Insurance Workflow Can Be Improved by Building in Records Management and Consolidation Up Front
Insurance companies are among the largest users of content and records management technology but have nevertheless failed to provide the document and records management capabilities their users and customers desire.
Back in the late 1980s, insurance workflow became one of the earliest targets for enterprise content management (ECM) and workflow technology since it was so document-intensive and ripe for automated orchestration. Since then, insurance workflow has remained one of the largest target markets for ECM, business process management (BPM) and records management, with virtually every insurance company using these technologies.
A recent 2014 Association for Information and Image Management (AIIM) study found that records and document management is viewed as the most likely common business processes for improvement.
These three factors account for this state of affairs:
Lack of Coordinated Systems
In its latest "State of the Industry" survey of ECM users, AIIM found that 72 percent of larger organizations have three or more ECM/data management/records management systems in place, while 25 percent have five or more. Most of these systems are barely integrated at the content repository level, let alone the business process level. In most cases the systems are kept siloed in different lines of business, making a coordinated Information Governance program problematic.
Some of this is due to a company's mergers and acquisitions resulting in disparate systems, and some of it is due to the fact that ECM is typically implemented at the department and unit level even though business processes often cross these units. It is important to remember that most of these processes begin and end with the customer. Any insurance workflow that does not incorporate the customer is incomplete; it is no wonder that managing records and documents can be difficult in this environment.
The industry still has plenty of "green screen" and client-server-based systems in use. This reality is reflected in the "State of the Industry" survey, which found that 68 percent of installed ECM systems have no browser or mobile-access options. Many people now interact with their insurance company via smartphones, tablets and Web browsers, and any system that does not support these technologies does not support its customers. The irony is that this is a lose-lose situation: Not only is it inconvenient for customers to not have access to their insurance documents, but it is inconvenient for the insurers as well. Other mobile technologies, such as apps, have introduced new dangers to large insurance providers. App users can view their policy documents, but with scattered systems, they may only have access to certain pieces of information. The disconnected information may not provide customers with a complete picture.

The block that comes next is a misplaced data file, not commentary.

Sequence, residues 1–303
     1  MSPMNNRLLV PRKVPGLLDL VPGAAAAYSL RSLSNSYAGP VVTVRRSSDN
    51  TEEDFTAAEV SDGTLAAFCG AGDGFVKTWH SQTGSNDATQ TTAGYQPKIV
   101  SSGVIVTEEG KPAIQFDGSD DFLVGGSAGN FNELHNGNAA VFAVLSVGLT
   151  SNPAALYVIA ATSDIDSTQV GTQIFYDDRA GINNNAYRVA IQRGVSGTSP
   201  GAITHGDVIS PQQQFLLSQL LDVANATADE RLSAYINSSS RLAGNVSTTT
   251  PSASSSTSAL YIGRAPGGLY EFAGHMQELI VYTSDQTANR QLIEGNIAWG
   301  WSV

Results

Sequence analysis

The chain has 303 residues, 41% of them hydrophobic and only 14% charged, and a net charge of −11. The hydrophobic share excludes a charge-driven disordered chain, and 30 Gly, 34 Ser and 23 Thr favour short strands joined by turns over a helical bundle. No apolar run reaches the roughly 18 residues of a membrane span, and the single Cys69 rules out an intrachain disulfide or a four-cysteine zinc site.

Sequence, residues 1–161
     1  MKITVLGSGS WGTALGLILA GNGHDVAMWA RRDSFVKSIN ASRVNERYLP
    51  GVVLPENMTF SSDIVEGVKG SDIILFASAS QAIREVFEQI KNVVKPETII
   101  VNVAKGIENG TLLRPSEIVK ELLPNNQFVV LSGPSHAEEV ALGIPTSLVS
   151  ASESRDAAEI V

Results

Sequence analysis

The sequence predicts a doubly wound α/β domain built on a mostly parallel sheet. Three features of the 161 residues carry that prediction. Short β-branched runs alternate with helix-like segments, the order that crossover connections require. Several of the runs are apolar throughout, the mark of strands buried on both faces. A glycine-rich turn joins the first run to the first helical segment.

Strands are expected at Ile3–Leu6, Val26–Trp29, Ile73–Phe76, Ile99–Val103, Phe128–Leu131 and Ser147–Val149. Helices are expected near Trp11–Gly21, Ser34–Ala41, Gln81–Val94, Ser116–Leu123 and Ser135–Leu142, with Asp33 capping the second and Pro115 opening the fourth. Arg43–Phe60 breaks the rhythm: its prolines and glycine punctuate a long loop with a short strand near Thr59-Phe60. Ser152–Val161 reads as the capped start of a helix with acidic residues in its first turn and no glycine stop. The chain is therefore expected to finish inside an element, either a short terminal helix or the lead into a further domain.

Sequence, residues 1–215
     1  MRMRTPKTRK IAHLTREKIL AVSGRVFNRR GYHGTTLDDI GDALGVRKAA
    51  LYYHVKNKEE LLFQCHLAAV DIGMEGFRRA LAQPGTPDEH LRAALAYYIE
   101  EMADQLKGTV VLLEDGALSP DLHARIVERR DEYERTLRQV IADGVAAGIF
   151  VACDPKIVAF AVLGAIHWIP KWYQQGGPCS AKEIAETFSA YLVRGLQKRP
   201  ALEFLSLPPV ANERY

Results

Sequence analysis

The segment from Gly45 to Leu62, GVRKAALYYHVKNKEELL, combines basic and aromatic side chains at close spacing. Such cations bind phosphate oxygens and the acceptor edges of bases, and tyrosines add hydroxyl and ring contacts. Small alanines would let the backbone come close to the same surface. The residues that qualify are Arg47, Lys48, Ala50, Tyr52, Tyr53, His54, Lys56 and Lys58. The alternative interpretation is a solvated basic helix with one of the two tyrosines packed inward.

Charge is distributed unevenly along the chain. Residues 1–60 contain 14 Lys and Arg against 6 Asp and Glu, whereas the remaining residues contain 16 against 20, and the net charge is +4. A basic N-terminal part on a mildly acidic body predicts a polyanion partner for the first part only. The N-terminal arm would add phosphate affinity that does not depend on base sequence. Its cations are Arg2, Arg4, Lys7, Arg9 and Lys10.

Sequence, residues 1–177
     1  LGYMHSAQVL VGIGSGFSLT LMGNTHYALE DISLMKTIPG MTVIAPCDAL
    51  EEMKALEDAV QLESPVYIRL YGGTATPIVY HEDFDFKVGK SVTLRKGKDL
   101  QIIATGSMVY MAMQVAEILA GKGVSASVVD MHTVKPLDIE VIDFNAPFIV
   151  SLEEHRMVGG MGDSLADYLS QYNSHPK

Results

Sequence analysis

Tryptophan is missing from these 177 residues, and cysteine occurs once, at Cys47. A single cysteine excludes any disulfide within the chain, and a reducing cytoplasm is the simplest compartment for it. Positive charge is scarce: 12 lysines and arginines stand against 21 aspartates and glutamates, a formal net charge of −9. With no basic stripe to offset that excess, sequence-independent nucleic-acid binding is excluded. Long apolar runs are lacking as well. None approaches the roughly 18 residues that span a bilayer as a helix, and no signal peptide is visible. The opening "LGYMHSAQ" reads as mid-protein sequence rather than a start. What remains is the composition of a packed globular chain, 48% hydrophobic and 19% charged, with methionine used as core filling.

Records Management as an Afterthought
One of the reasons proper records management support is still lacking in so many ECM implementations is that it is often overlooked in the requirements or is an afterthought at best. For instance, according to Druva, it is common to have more than 100 copies of the same email floating around various users' accounts and backups. Indeed, a few years ago, an ECM vendor studied a large insurance company and found that it had an average of 124 copies of every email with attachments.
When considering the records management aspects of an insurance system up front, businesses should ensure that the data model includes the metadata elements that are needed for automated declaration, migration to lower-cost storage tiers and disposition. With the advent of LTO-6 tape and LTFS, it is easier than ever to migrate records from transaction systems to near-line and offline storage while still having all records readily available.
Now Is the Time to Act
Significant changes are occurring in the insurance market, its customers and the technology that is available to manage insurance workflows. Harvard Business Review recently opined that insurance companies are not fully tapping into the "digital opportunity" represented by mobile computing, social media and data analytics. Some of these opportunities are in marketing and targeting, while others are right in the strike zone of traditional ECM-enabled insurance processes: underwriting, claims and customer service.
The technology tools for building better insurance workflows are also in a state of transition. The Content Management Interoperability Standard (CMIS) has been adopted by every ECM/BPM vendor and other information technology segments. CMIS provides the building blocks to better integrate and coordinate among disparate ECM silos as well as incorporate social data. New case management tools can supplement BPM for more complex and ad hoc insurance workflows.
Insurance companies can partner with a trusted vendor to reach across an array of skills and solutions to unify siloed insurance workflows, digitize paper-based processes and adjust records management programs for new technologies, regardless of the technology platforms planned and in place.
Do you have questions about financial services solutions? Read additional Knowledge Center stories on this subject, or contact Iron Mountain's Data Management team. You'll be connected with a knowledgeable product and services specialist who can address your specific challenges.